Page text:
The College Stands with The Tk'emlúps te Secwépemc, and ktunaxa First Nations and All Indigenous Communities in canada
This past month, we were disheartened and appalled to learn of the discovery of the remains of 215 children in unmarked graves on the site of the former Kamloops Indian Residential School, as well as the more recent discovery of the remains of 182 children on the site of the former St. Eugene's Mission School. We stand with the Tk'emlúps te Secwépemc, and Ktunaxa First Nations and all Indigenous People in BC as they continue to process this news.
We call on all health professionals to practice vigilant cultural humility and safety. To learn about and understand the impacts of residential schools on First Nations Communities in Canada; to acknowledge and reflect on the social issues faced by Indigenous Peoples; and to understand the historical contexts from which these issues originate.
Like many British Columbians, we have no words to describe the sorrow we feel for those children, their families and communities, as well as for all residential school survivors in the wake of recent discoveries. To all Indigenous People in BC, we offer our unwavering support, and will continue to look to our First Nations Leaders as we determine a way to honour and remember the lives of these children.
We recognize that this news is likely to trigger significant pain and sadness among First Nations Communities in BC, especially those with personal or family history of attending residential schools. News like this presents a significant setback in the healing journey of residential school survivors and can take a serious and unexpected toll on the mental health and wellbeing of members of these communities and their families. It is vital that we acknowledge this pain and do everything we can to support the First Nations communities we serve through these trying times.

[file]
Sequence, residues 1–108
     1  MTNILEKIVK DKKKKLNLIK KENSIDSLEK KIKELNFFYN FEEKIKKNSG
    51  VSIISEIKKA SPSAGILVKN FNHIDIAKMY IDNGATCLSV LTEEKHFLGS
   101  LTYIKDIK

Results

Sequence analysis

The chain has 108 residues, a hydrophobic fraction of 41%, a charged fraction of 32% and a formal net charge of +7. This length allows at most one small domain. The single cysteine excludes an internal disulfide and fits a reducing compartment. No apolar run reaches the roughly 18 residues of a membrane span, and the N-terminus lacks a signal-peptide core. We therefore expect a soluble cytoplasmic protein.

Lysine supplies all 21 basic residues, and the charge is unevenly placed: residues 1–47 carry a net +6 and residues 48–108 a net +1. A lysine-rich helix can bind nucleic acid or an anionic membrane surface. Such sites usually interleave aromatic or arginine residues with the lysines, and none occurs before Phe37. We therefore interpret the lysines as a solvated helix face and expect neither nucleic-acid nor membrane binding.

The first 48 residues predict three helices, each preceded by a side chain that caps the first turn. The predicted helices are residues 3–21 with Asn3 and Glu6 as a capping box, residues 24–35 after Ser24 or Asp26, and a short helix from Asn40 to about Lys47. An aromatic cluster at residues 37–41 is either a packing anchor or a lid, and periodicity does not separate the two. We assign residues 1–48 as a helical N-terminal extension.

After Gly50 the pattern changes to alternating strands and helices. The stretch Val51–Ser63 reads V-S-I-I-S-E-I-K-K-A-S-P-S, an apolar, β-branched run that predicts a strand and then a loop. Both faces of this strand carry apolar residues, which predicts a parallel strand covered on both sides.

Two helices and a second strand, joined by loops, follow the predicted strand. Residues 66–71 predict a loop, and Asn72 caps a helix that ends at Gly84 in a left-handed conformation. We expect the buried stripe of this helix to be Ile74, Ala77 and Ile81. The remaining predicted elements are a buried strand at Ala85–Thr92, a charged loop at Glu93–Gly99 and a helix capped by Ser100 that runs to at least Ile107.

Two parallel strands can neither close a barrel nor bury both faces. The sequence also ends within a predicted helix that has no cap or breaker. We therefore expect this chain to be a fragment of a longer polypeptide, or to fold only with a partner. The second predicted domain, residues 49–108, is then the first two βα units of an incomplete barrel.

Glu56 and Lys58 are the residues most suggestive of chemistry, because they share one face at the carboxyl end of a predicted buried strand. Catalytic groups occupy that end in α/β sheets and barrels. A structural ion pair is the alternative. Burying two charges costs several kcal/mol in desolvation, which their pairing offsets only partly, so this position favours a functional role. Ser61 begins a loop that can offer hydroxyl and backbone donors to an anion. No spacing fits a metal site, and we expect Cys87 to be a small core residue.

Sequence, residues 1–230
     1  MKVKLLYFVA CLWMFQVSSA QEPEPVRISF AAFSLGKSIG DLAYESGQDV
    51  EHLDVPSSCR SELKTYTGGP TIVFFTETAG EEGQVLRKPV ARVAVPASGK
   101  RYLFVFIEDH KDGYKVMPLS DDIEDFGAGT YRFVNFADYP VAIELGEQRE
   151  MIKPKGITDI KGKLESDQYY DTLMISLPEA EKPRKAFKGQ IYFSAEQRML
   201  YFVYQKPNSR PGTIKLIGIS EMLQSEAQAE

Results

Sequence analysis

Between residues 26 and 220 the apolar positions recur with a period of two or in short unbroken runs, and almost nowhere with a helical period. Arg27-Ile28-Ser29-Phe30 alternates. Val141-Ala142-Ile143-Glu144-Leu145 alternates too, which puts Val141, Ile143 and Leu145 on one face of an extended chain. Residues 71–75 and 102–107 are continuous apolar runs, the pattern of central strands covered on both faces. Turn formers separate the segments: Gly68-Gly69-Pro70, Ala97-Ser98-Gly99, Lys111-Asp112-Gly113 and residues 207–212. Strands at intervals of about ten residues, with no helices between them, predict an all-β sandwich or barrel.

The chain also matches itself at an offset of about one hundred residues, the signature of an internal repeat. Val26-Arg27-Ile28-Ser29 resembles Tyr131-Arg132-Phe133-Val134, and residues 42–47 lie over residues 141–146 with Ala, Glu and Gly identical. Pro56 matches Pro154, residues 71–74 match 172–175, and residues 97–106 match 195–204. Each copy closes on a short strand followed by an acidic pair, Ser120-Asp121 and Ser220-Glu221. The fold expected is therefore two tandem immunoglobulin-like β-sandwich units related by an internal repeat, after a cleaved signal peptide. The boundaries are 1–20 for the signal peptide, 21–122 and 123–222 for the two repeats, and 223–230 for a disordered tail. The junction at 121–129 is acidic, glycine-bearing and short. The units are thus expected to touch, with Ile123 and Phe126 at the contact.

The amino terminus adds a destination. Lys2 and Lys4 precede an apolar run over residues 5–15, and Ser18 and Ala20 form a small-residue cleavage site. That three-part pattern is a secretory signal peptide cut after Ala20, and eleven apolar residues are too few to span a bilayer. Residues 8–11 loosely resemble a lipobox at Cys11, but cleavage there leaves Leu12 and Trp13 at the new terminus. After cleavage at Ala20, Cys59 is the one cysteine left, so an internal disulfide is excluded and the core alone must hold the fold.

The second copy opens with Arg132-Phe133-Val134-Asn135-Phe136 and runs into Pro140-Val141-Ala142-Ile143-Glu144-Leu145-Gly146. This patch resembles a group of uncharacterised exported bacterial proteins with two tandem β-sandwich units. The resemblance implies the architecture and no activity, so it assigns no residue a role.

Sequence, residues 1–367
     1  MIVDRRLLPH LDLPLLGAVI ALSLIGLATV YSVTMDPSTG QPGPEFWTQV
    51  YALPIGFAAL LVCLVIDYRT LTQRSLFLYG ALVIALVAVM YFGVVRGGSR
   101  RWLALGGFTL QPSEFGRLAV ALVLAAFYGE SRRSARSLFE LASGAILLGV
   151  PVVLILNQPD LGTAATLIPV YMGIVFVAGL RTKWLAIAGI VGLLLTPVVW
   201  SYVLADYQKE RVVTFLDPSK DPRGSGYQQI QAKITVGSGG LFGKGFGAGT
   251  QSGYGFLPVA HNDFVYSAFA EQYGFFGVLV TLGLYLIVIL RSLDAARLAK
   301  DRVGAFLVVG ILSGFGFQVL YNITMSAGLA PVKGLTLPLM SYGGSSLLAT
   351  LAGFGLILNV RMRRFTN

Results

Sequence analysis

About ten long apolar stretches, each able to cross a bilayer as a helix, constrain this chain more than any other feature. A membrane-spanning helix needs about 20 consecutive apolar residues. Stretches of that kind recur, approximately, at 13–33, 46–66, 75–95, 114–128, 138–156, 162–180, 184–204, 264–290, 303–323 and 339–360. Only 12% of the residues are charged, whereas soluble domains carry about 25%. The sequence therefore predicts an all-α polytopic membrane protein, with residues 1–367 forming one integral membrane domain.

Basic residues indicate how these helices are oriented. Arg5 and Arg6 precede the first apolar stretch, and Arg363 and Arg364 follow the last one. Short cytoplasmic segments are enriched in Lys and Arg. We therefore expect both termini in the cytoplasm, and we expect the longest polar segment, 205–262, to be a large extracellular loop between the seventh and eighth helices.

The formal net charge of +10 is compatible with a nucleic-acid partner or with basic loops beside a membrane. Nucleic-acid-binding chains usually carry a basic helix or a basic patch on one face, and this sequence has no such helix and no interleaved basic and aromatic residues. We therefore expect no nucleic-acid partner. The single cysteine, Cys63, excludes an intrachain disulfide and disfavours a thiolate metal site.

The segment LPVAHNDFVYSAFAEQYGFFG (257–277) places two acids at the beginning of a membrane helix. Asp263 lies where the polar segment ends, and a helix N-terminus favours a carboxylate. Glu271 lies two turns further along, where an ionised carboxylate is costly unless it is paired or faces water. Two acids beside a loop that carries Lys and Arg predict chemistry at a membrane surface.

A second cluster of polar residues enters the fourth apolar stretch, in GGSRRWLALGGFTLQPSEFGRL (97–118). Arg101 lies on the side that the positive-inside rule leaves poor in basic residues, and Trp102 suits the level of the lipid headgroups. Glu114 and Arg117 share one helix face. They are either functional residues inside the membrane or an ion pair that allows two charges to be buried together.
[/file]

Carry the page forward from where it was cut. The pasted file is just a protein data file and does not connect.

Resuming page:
This discovery further underscores our pledge as a health profession regulator to become anti racist, provide culturally safe care and to support the health professionals we regulate to do the same. We must take specific actions, as individual leaders, within our organizations, and as partners in the wider health system.
As stewards of public health and safety in Canada, we have a responsibility to recognize and address the power imbalances inherent in our health care system, and work to ensure that the environments in which we practice are free of racism and discrimination, and that Indigenous people feel safe when receiving care.
To Indigenous Peoples and residential school survivors in Canada, we share in your grief and recognize that there is so much work to be done in order to eradicate the racism, and heal the wounds left by our colonial history. We remain committed to taking this journey with you and working to ensure that the atrocities of our past, and the resulting patterns of trauma, are respectfully acknowledged and appropriately addressed in the decisions that we make today.
Mental Health and Wellness Supports for Indigenous People that BC’s Pharmacy Professionals Should Be Aware of
The following information, and more, is available on the First Nations Health Authority Website.
As one of the most accessible health professions, BC’s pharmacy professionals should be aware of resources and services available to help support their patients and communities in times of need.
The FNHA and other organizations provide culturally safe and trauma-informed cultural, emotional, and mental health counselling services. Elders or Traditional Healers provide cultural supports or Indigenous healing practices. Clients are supported in reclaiming ways of taking care of themselves, their families, their communities and their Nations.
The following resources are available:
The resources listed here are also available as an FNHA fact sheet: Mental Health and Wellness Supports for Indigenous People.